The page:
Bargain Fair Clinical Compensation
We have proposed amendments to the merit pay system. Currently, there is a large issue with merit pay increases not being tied to evaluation scores. In other words, a faculty member could get an excellent evaluation but only a small increase in pay. While we presented the senior Administration with data that showed a poor correlation between a faculty member's evaluation and the merit increase received, they produced no solutions for making the system more fair or transparent. In contrast, our plan requires that any increase cannot be more than .6 below the evaluation score. This is aimed at solving the problem, while maintaining some discretion for the department chair. We are also simultaneously resisting senior administration proposals that make no sense. One of their proposals
allows for a 10-12% percent salary reduction for those with "needs improvement" on any part of their annual evaluation or in the ill-defined area of professionalism. Another exempts tenured faculty from receiving clinical incentive payments.
In terms of equity, we have also urged a revision of minimum compensation requirements so they are pegged to the AAMC National averages, as well as allow faculty who believe they are inequitably compensated to appeal such matter to a committee of their peers. If the committee is deadlocked, the Union may appeal the matter to a neutral third party.
Finally, we proposed a variety of fixes to the extramural and clinical incentive plans. They have proposed none.
New Benefit for Department of Medicine Faculty
The AAUP-BHSNJ is pleased to announce the creation of a new benefit for Department of Medicine faculty members, an academic enrichment fund. We reached agreement with the Administration, retroactive to July 1, 2018, which will provide you $1500 to be used for the following:
- Professional society meeting as Presenter
- Professional society meeting as an Attendee;
- Professional society membership dues;
- Research publication fees;
- Purchase educational material and/or subscribe to journals not available through RBHS
- Other: such as attendance at special courses, statistical support, etc, with approval of division chief;
- RWJUH hospital privileges; and/or
- NJ medical licensure
Original versions of this benefit called for cutting out hospital privileges and reducing the benefit of part-time faculty. We objected to that and thought it would be in the interest of all faculty to retain these items.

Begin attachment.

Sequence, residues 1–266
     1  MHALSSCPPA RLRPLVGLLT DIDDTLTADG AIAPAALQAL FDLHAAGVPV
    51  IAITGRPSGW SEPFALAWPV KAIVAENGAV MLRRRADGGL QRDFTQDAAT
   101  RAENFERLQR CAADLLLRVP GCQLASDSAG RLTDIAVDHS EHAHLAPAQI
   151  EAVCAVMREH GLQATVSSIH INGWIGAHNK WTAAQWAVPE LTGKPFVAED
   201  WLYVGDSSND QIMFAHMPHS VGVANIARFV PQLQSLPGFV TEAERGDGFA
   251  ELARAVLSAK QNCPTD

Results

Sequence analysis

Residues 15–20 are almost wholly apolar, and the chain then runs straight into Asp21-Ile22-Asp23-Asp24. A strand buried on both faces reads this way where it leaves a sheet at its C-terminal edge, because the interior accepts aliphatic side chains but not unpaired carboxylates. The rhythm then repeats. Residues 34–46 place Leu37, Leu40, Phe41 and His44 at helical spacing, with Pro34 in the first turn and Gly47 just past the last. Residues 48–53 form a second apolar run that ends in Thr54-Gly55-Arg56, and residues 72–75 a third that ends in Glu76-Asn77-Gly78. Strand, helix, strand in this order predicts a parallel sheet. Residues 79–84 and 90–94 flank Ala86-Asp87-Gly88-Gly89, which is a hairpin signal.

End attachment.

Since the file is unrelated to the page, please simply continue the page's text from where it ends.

A Voice for Faculty in the RWJBH/Rutgers AlignmentWe are advocating for you in Trenton, at the bargaining table and in meetings with the Chancellor. We are fighting to:
- To stop Professional Practice faculty being moved to RWJBH, where they will not receive union representation or the full rights and benefits of being a faculty member
- Prevent faculty from being assigned to RWJBH institutions at the last minute and have to travel a considerable distance to do so.
- Maintain a voice in how the RWJBH practice is run and to maintain control over aspects where faculty currently occupy control.
Job Security for both Tenured and Non-Tenure Track Faculty
Unfortunately, we have represented a number of faculty members which have had their reappointments non-renewed for arbitrary or retaliatory reasons. Renewal of appointments should be based on job performance and nothing else. Currently, AAUP-BHSNJ tenured faculty are subject to less rigorous dismissal procedures then other Rutgers tenured faculty. This and other similar issues should be corrected.
Let’s Slow Down the Premature Medical School Merger
Several months ago, the RBHS Chancellor formed a “Committee on the Future of Medical Education,” comprised of mostly Rutgers faculty administrators. This committee is tasked with making a recommendation as to how the two medical schools, New Jersey Medical School and the Robert Wood Johnson Medical School could merge together or align in some fashion. We oppose any attempts to use a merger plan to reduce the number of faculty positions, decrease tenure, relocate faculty offices or laboratories, and any other potentially adverse effects on our faculty. Please see our full statement on this issue.